Last week’s blog discussed setting up a self-directed plan that allows real estate in your IRA. As promised, this week’s topic covers how to properly manage those assets. There are specific rules you must adhere to in order to comply with IRS regulations so your self-directed IRA works for you instead of against you.
Now that you have set up your self-directed IRA, have it properly funded, and are ready to begin looking for property there are several things to keep in mind. While self-directed retirement plans allow many different alternative investment options, there are strict guidelines relevant to prohibited transactions and disqualified persons you must be aware of. Failure to comply could cause your IRA to suffer heavy penalties or even disqualification.
When exploring real estate options, know that your IRA is not allowed to purchase property from you or from another disqualified person. Your IRA is also not allowed to sell property to you or a disqualified person. Disqualified persons include:
- The IRA holder and his or her spouse
- The IRA holder’s lineal descendants (children, grandparents, etc.) and their spouses
- The IRA holders lineal ascendants (parents, grandparents, etc.)
- Investment advisers, managers and fiduciaries
- Any corporation, partnership, trust, or estate in which disqualified persons have a 50 percent or greater interest
- Anyone providing services to the IRA
Another important thing you need to understand is all property your IRA acquires is owned by your IRA and not by you. Any earnings gained, whether through resale or rental income, flow directly into the account. Expenses relative to the property must be paid directly from the IRA. When purchasing real estate in your self-directed IRA, it’s critical to plan for anticipated expenses in advance, so your IRA is prepared to cover them. If you have partnered on a purchase with other parties, your IRA only pays for its percentage of repairs and also must receive only its share of income.
Additionally, you are unable to use the property for personal purposes. For example, if you own a vacation rental you or other disqualified persons may not vacation there. The real estate was purchased to build wealth for your retirement. Using the property for personal purposes before you hit retirement age would be considered a current benefit and your IRA will be penalized, if not disqualified.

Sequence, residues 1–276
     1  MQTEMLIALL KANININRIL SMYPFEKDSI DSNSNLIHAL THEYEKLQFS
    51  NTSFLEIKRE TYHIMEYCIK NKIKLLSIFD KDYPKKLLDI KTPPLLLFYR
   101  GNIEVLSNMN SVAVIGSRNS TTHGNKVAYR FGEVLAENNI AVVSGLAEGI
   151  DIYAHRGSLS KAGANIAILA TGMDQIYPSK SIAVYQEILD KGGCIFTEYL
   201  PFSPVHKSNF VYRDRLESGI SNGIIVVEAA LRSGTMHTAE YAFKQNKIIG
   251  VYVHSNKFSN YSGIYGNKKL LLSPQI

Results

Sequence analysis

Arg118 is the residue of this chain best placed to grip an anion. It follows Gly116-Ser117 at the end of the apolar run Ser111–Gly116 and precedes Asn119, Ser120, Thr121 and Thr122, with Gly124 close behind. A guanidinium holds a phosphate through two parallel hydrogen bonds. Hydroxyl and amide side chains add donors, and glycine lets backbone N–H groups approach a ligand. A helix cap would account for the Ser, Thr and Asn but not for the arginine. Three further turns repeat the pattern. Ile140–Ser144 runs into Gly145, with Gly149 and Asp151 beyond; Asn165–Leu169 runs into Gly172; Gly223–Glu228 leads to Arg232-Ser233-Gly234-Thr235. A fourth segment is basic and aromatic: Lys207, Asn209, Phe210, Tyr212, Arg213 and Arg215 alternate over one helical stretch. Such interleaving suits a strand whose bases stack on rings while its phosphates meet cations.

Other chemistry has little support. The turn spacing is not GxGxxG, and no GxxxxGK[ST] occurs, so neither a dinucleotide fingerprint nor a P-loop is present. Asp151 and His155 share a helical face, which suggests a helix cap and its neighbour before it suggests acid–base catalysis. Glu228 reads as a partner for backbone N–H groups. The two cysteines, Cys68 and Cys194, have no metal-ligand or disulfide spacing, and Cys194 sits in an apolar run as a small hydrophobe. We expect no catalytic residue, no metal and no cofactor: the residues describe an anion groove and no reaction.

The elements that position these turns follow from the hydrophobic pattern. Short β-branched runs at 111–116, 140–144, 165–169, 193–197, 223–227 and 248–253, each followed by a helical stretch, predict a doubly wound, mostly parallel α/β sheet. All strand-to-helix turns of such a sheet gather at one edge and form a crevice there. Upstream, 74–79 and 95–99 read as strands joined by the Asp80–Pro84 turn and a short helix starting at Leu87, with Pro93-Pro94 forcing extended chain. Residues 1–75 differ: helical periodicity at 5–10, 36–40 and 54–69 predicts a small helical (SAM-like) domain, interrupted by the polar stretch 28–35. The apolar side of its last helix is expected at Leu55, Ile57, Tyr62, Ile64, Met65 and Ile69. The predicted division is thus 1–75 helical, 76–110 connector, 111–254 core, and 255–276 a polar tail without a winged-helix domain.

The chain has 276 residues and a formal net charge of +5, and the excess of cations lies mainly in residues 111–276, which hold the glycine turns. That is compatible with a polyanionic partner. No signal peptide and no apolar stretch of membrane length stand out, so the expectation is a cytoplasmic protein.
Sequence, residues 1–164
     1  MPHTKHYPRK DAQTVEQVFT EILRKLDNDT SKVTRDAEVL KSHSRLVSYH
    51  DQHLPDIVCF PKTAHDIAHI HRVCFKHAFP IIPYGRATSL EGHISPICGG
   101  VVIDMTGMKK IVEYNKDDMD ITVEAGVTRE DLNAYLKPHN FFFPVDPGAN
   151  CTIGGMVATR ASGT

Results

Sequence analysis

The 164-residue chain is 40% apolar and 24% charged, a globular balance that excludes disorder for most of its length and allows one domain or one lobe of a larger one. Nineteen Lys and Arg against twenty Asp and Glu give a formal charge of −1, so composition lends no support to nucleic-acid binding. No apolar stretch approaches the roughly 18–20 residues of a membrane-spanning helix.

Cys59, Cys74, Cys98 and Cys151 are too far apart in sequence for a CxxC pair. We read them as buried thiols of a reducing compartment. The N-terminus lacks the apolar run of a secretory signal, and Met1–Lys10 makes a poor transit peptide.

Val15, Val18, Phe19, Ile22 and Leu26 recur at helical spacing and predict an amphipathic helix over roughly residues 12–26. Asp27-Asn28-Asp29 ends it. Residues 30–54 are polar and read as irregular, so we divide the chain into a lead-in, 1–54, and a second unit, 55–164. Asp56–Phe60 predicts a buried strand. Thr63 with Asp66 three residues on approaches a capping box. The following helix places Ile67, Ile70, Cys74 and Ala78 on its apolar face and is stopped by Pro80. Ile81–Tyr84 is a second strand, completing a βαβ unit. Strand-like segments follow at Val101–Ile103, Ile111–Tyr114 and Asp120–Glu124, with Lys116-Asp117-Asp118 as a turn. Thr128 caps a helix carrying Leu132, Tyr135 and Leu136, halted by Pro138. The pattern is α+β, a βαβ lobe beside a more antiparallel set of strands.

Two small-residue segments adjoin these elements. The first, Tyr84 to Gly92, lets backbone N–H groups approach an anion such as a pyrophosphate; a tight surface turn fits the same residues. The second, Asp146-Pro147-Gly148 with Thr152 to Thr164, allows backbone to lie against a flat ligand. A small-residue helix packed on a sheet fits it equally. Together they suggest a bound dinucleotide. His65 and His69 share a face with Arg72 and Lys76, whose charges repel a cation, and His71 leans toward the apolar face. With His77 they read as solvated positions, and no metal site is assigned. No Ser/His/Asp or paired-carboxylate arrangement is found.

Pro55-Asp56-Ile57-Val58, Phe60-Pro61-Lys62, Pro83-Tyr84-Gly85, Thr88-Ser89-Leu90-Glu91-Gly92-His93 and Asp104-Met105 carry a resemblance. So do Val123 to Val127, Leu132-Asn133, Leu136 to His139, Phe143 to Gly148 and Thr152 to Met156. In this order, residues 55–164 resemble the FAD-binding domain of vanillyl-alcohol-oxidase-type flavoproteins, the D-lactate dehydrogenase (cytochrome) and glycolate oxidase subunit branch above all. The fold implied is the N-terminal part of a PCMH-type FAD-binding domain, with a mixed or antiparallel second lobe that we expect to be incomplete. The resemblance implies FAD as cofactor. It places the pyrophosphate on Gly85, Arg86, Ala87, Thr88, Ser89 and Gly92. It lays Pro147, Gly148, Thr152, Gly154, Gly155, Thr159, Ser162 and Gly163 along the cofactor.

You are personally not allowed to perform repairs or maintenance on real estate in your IRA. Doing so constitutes “sweat-equity” and is considered a contribution to your account. The IRS only permits contributions to an IRA to be made in cash—and sweat equity cannot be measured in value. Repairs and maintenance must be performed by a third party—who is not a disqualified person—and paid at current market rates.
On the flip side, you do not have to hire a third party to manage the property in your IRA. The IRA owner is able to manage the property as long as you don’t perform sweat equity or pay for expenses out of your own pocket. Again, all income and expenses flow directly into and out of your self-directed IRA. Rent checks and other income must be written to the IRA and deposited directly into the IRA account. Income or expenses are not allowed to flow through the IRA owner for any reason.
Hopefully it goes without saying that it is crucial you perform due diligence when looking for real estate to acquire in your IRA. You want to find a decent property in a location suited for the purpose you desire. If you want a quick rehab-and-flip, the goal would be that the cost of the property plus the money it costs your IRA to renovate is low enough for your IRA to make a profit at resale. Location is key whether conducting a rehab or acquiring rental property—you want to be as sure as you can there is a market for resale or good potential for acquiring tenants for rentals.
If you have any questions regarding real estate in your IRA, please contact Kevin Collins at AdvantaIRA Trust by calling (617) 830-1070 or emailing Kevin@AdvantaIRATrust.com.